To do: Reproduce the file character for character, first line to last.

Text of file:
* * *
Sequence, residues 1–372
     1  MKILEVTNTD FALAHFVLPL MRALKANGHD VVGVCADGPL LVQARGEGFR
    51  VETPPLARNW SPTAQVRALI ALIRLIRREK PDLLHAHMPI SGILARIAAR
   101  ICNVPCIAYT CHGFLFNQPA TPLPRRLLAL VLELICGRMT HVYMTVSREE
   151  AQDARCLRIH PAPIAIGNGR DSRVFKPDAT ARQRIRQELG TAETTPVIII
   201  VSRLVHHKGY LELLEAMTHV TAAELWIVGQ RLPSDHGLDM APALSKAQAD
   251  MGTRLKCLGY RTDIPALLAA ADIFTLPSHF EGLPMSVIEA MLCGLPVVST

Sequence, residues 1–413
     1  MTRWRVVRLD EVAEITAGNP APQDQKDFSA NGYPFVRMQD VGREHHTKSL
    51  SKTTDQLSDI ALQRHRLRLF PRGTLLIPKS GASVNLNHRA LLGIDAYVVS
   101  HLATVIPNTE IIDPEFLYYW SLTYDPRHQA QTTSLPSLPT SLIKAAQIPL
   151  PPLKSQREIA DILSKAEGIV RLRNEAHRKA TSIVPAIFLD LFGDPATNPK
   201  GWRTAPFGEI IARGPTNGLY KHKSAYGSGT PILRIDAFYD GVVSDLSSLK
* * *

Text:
Sequence, residues 1–372
     1  MKILEVTNTD FALAHFVLPL MRALKANGHD VVGVCADGPL LVQARGEGFR
    51  VETPPLARNW SPTAQVRALI ALIRLIRREK PDLLHAHMPI SGILARIAAR
   101  ICNVPCIAYT CHGFLFNQPA TPLPRRLLAL VLELICGRMT HVYMTVSREE
   151  AQDARCLRIH PAPIAIGNGR DSRVFKPDAT ARQRIRQELG TAETTPVIII
   201  VSRLVHHKGY LELLEAMTHV TAAELWIVGQ RLPSDHGLDM APALSKAQAD
   251  MGTRLKCLGY RTDIPALLAA ADIFTLPSHF EGLPMSVIEA MLCGLPVVST

Sequence, residues 1–413
     1  MTRWRVVRLD EVAEITAGNP APQDQKDFSA NGYPFVRMQD VGREHHTKSL
    51  SKTTDQLSDI ALQRHRLRLF PRGTLLIPKS GASVNLNHRA LLGIDAYVVS
   101  HLATVIPNTE IIDPEFLYYW SLTYDPRHQA QTTSLPSLPT SLIKAAQIPL
   151  PPLKSQREIA DILSKAEGIV RLRNEAHRKA TSIVPAIFLD LFGDPATNPK
   201  GWRTAPFGEI IARGPTNGLY KHKSAYGSGT PILRIDAFYD GVVSDLSSLK